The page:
How to handle stress
Monopoly is one of my least favorite games to play. The thought of “do not pass go, do not collect $200,” and having to go to jail sounds fun to some, but not to me. Having to pay extra taxes, sit out a turn, or sell property actually resembles real-life stress so much that I would rather never play the game again. A little stress can make us more productive, but too much can send us into a downward spiral. The trick is to find ways to cope when the stress becomes too much to handle.
Stress is a fact of life. It never leaves us — whether good or bad it is always there. Stress is trying to juggle a deployment, a child who may have difficulty at school, a child with a medical condition, periodical disagreements with your spouse, extra duties at work or daily living tasks (like grocery shopping).
We have to take care of others and ourselves because no one is immune to stress. I recently encountered a young woman sitting in her car crying. She resembled me and others I know who have reached their limits. The young lady and I ended up chatting. I listened to her talk about unfortunate circumstances that made her feel defeated and overwhelmed, and I immediately wished that we as a society did a better job of addressing stress and its effects. We must remember people in our lives may need our support more than we think.
Whether you feel the effects or not, the drastic change of moving overseas causes stress long after the last box is unpacked. Luckily, there are many ways we can cope with it. Find a hobby that is relaxing and fulfilling. Locate a therapist you can turn to when things feel chaotic beyond what you can handle. Make friends locally who can provide a shoulder to lean on — someone who will lend a hand with child care, errands and other commitments when times get tough.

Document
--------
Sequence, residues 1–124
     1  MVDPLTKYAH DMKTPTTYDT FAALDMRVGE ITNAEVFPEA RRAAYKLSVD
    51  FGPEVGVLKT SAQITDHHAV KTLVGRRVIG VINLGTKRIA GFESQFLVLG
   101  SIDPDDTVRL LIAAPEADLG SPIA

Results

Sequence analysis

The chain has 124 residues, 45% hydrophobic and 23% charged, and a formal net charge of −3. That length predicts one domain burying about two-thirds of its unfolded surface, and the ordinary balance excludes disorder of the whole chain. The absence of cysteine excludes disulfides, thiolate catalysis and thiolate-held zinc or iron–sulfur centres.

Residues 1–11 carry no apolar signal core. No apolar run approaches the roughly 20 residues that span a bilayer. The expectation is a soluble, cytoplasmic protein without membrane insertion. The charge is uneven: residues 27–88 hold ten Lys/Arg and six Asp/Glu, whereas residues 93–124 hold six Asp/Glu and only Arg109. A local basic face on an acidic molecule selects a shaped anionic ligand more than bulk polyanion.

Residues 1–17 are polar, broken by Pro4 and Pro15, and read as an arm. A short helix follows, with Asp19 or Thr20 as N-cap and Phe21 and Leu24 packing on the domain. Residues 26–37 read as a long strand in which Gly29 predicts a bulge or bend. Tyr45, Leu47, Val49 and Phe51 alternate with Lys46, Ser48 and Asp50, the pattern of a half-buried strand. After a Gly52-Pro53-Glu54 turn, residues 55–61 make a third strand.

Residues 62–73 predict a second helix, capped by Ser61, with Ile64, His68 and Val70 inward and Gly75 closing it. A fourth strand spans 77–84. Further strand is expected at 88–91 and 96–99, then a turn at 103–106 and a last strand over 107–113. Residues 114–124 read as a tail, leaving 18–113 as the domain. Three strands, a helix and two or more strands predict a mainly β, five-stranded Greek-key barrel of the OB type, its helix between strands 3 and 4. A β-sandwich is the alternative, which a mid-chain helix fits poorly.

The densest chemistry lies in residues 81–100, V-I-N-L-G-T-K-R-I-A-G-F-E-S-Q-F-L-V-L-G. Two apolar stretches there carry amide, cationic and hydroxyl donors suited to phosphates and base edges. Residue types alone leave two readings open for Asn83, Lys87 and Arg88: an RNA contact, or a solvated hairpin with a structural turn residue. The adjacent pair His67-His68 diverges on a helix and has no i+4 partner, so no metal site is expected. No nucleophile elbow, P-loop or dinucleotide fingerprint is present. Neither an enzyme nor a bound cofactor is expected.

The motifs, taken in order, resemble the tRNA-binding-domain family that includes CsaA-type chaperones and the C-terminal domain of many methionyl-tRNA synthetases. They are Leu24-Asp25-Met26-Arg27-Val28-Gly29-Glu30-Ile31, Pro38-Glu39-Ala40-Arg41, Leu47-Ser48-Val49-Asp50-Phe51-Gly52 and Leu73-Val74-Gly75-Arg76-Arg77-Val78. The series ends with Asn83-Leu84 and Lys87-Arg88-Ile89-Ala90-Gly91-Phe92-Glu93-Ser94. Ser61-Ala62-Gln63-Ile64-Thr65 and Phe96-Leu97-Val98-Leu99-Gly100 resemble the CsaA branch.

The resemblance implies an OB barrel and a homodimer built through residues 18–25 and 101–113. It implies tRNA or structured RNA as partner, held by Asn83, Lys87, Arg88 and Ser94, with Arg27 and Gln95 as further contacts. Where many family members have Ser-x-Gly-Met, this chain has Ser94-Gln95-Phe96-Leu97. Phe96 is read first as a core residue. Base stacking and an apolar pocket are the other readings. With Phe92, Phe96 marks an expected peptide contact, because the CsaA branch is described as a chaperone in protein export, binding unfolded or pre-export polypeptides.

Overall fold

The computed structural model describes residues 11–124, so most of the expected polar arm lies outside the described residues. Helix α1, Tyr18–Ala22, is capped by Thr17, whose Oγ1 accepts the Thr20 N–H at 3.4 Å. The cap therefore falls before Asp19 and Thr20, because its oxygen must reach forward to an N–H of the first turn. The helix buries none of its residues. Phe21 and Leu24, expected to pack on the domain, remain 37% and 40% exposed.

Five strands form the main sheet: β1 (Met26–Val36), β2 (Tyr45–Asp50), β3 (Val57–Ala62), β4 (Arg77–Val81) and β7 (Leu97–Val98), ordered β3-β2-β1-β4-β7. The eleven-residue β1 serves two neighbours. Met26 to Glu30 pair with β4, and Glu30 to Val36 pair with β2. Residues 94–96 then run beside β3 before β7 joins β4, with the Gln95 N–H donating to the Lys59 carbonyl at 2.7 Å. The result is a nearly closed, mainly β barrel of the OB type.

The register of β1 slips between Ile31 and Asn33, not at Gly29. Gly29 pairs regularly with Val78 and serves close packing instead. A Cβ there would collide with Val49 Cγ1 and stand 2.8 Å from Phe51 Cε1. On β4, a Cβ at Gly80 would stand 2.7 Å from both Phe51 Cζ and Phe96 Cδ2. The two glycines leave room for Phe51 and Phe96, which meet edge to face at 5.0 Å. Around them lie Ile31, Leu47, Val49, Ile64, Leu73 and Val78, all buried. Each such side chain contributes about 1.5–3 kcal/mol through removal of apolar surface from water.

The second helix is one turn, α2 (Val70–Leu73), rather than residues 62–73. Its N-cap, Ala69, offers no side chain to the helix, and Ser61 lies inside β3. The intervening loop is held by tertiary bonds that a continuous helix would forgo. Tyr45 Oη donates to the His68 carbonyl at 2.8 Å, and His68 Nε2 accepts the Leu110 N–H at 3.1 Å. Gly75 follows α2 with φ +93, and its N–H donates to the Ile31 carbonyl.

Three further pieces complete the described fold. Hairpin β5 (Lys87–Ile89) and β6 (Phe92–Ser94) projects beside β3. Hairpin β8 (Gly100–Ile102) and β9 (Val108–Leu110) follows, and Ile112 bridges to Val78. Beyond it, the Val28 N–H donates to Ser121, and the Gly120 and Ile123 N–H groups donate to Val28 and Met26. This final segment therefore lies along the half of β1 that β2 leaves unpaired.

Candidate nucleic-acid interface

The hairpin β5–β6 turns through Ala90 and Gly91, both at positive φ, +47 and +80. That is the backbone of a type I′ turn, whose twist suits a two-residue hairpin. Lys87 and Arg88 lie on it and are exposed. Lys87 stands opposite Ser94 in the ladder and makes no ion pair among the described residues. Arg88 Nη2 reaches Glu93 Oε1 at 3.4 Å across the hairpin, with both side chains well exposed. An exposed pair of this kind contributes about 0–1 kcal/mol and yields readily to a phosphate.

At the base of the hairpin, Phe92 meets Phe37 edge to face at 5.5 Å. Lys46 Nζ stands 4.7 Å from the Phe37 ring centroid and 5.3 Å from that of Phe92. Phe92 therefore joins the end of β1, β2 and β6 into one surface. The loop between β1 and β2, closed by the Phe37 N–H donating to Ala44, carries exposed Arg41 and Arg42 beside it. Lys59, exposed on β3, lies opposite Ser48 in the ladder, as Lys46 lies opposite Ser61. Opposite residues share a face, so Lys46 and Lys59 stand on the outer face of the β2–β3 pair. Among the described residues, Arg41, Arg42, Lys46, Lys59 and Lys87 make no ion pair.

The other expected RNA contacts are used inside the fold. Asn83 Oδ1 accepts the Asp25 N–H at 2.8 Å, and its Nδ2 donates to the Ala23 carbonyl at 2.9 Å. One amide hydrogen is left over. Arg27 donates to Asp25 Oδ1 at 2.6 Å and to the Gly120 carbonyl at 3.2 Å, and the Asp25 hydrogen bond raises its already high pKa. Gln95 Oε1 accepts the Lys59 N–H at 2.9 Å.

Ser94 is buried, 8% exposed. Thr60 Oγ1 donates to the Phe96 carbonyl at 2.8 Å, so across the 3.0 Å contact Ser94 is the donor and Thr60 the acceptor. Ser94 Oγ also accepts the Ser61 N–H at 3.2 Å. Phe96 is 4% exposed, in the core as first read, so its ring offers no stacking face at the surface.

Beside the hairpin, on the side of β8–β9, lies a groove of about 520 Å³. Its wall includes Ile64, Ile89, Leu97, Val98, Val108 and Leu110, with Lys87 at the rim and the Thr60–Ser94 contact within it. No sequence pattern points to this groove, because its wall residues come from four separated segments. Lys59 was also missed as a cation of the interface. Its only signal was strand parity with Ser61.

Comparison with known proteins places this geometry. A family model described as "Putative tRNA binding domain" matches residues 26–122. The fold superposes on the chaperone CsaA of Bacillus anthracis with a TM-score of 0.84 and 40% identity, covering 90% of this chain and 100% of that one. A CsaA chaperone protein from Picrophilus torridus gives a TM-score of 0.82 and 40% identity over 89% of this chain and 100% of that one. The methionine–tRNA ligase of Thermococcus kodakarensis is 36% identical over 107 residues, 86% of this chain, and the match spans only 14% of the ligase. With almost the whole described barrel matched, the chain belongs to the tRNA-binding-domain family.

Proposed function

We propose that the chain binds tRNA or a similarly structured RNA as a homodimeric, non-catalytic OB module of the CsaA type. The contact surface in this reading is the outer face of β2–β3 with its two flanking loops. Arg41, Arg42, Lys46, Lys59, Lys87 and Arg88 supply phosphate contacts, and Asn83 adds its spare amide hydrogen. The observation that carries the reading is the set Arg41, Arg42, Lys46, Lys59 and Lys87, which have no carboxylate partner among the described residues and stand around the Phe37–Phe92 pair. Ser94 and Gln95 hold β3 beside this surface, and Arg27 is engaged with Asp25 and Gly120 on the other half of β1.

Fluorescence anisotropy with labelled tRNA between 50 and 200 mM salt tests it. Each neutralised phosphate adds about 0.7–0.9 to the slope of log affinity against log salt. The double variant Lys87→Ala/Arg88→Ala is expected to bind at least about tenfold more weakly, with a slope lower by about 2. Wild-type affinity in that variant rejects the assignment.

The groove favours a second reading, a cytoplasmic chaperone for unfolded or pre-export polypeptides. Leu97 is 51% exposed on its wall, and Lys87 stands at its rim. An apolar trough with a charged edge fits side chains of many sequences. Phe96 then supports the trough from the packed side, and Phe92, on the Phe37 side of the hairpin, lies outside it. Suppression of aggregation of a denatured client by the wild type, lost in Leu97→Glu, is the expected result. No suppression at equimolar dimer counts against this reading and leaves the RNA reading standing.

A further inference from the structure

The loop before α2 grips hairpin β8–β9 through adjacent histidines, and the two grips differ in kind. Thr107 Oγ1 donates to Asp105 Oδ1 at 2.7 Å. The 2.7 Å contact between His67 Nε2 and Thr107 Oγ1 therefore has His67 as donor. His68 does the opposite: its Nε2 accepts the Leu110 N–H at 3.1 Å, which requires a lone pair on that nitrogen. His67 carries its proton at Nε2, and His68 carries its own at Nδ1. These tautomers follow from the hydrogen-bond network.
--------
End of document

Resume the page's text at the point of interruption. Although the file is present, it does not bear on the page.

Remember stress affects children, too. Children are resilient, but parents, educators and family members must take time to notice that “students stress out about their home life, grades, admittance to their reach school and acceptance among peer groups,” according to Tikela Weldon, a counselor at High Point Central High School in High Point, North Carolina. Parents must remember that children thrive on schedules, just as infants do. And much like babies, adolescents whose schedules are thrown off will experience stress. They may also cry out for help in various ways as they try to adapt.
To assist students, Weldon works to “find the root cause of the stress,” teaches “breathing techniques,” and “explains the detriments of stressing.” With all the changes military children endure, Weldon warns parents to take into account stressors, such as “anxiety, eating disorders and other health concerns,” that may “affect grades and attendance.”
Just as students stress about grades, employees stress about their work. According to Courtney Rhodes, a senior legal recruiter consultant for Wells Fargo and co-owner of professional development company Rucker Rhodes, stress can negatively affect job performance. Rhodes has found, “The commonalities of the bad stress clouding clients’ lives are always fear and uncertainty. People stress over what could happen if they are unsuccessful and the possible consequence of being unable to take are of their families.”
Rhodes gives pointers to clients, such as remaining calm by “taking deep breaths to focus” and “meditating often.” She also urges individuals to seek help and find positive people in their lives who will help them stay on track to accomplish goals. Lastly, Rhodes says if we “exchange stress for confidence, we will always be successful.”